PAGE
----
Norm Architects weave together Japanese and Danish design sensibilities in HP House II
Designing the interiors of the same house twice within a decade doesn’t happen very often. Even more notable is when the house in question has been owned by the legendary Danish designer and critic Poul Henningsen.
After a fire in 2014 devastated Henningsen’s former sommerhus north of Copenhagen, Danish studio Norm Architects was called to rebuild and restore the historic villa. “Celebrating fine craftsmanship and crafted details has been an important part of the project, preserving the original atmosphere of the space, while creating a home for a family with contemporary needs,” says Peter Eland, architect and partner at the studio.
After four years, the result was a modern home in Norm’s signature style, a soft, minimal take on the original, with references to its former features: high panels, parquet flooring and low, paned windows.
The new client requested a warmer, less contrasted material palette
Shortly after, when the house changed hands, Norm Architects was called in again to update the interiors, but this time in a much cosier key. Creating a lighter effect, the walls have been repainted while new built-in shelving and kitchen units provide a subtle update.
“The new client requested a warmer, less contrasted material palette,” explains Eland. “We chose to work with natural oak for the inbuilt cabinets and kitchen island, and Jura Grau stone for the kitchen tabletop – all made in collaboration with the design studio and workshop Københavns Møbelsnedkeri. The floors were sanded and treated with a warm-coloured oil. The result reflects a harmonious interplay of natural, tactile materials,” he adds.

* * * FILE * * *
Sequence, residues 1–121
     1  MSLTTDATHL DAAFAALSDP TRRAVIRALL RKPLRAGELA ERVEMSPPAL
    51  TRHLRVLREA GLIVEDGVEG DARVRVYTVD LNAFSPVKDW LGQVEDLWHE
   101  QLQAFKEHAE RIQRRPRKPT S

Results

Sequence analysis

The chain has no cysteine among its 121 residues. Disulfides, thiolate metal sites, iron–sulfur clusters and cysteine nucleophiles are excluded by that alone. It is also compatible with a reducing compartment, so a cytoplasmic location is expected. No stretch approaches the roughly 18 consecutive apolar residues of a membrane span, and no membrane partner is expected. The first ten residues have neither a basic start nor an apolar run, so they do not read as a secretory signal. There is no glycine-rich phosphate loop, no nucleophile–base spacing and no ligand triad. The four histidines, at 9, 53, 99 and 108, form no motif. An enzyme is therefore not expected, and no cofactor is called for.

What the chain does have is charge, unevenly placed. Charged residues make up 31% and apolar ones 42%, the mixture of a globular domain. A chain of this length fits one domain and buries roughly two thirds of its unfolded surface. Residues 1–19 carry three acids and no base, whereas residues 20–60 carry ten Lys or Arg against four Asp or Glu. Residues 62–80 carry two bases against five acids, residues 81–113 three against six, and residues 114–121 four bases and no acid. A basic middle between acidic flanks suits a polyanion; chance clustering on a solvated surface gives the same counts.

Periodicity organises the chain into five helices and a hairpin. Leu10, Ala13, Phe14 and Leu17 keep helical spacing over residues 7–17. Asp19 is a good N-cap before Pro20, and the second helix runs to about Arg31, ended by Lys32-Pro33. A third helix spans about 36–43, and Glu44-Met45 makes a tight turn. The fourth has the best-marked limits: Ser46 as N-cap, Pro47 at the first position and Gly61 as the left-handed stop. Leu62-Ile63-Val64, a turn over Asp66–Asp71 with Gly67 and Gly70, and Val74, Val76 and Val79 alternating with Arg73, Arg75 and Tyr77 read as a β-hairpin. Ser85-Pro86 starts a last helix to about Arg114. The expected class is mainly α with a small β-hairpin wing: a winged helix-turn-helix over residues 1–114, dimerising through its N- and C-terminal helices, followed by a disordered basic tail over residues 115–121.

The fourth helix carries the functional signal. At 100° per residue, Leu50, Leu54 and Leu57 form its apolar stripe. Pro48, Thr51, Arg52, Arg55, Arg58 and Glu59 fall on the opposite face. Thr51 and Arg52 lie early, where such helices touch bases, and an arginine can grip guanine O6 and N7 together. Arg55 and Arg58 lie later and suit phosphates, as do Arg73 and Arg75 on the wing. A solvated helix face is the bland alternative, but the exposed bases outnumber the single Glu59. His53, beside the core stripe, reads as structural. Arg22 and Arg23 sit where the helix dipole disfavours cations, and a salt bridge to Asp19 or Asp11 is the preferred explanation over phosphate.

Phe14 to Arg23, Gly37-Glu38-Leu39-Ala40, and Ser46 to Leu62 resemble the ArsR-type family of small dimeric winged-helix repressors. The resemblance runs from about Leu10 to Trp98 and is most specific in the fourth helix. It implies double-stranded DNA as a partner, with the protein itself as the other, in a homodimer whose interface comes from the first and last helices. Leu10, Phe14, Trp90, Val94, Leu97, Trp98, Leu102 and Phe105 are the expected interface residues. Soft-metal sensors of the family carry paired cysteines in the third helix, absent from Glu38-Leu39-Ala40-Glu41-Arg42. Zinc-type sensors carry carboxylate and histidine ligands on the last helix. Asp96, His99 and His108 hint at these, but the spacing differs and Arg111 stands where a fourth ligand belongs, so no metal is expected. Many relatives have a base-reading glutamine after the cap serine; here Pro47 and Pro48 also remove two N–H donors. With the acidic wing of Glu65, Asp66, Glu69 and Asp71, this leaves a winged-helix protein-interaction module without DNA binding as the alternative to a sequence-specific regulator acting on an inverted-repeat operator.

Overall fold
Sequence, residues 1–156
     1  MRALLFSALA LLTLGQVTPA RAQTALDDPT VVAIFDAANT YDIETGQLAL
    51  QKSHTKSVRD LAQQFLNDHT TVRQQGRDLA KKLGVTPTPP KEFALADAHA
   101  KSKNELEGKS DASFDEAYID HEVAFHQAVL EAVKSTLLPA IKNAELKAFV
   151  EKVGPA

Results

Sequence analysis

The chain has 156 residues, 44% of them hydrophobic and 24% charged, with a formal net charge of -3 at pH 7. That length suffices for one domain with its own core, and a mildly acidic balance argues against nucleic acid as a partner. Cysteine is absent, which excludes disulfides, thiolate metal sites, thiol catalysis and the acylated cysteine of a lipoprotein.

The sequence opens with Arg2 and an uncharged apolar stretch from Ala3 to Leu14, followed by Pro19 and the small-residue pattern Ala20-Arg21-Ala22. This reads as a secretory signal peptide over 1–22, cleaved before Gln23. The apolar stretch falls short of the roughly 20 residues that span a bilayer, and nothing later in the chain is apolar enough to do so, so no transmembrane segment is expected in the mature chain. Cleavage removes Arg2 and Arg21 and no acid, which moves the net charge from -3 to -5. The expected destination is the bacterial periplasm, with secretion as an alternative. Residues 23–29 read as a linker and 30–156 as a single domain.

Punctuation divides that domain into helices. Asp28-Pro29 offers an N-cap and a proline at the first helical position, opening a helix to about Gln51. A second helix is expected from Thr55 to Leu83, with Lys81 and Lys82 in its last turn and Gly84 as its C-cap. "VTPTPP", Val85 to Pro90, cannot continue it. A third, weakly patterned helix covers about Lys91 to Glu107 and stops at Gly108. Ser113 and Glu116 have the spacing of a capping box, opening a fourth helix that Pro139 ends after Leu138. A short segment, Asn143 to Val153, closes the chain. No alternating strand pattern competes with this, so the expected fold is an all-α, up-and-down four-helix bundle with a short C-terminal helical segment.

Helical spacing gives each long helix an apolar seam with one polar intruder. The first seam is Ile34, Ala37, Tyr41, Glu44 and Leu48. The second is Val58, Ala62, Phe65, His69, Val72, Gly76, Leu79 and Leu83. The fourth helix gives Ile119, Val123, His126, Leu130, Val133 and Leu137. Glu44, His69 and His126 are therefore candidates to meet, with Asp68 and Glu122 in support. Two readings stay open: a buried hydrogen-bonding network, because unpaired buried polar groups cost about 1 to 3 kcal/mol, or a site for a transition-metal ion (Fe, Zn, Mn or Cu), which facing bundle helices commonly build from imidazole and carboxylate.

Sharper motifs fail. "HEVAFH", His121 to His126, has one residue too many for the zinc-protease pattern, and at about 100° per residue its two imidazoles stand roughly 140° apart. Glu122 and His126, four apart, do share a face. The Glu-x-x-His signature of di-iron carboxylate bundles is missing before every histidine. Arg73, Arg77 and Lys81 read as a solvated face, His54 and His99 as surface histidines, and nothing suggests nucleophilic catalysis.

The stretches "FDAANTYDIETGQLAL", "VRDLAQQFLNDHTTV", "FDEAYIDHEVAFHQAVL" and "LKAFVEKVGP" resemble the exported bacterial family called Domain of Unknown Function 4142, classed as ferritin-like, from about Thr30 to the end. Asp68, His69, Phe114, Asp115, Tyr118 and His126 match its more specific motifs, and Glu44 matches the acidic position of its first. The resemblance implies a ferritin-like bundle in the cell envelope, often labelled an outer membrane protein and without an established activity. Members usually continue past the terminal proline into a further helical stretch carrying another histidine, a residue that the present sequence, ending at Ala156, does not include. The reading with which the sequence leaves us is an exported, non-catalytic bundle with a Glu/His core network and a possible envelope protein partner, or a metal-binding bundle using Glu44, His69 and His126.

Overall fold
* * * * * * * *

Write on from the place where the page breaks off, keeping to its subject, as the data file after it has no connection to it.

The recent furniture designs for the Japanese company Karimoku Case Study – a collaboration between the Danish studio and Tokyo-based architect Keiji Ashizawa – are in keeping with the airy mood.
In the living room, the different planes of the coffee table, hidden by a slab of marble reminiscent of Danish architect Poul Kjærholm’s work, echo the facades of Japanese shrines. Flooded with natural light, the kitchen space is brightened by newly rendered timber surfaces. Built-in cabinets provide a tactile experience, with each surface an invitation to be used. As Japanese writer Jun’ichirō Tanizaki once said: “As [wood] darkens and the grain grows more subtle with the years, it acquires an inexplicable power to calm and sooth.”
The home embodies the qualities shared by both Danish and Japanese aesthetics. “At Norm Architects we have profound respect and admiration for the Japanese tradition of exquisite craftsmanship and attention to detail, and celebration of natural imperfections and materials,” concludes Eland. By applying a certain degree of restraint, the project achieves an effortless sense of clarity, the ultimate design value for Danes and Japanese alike.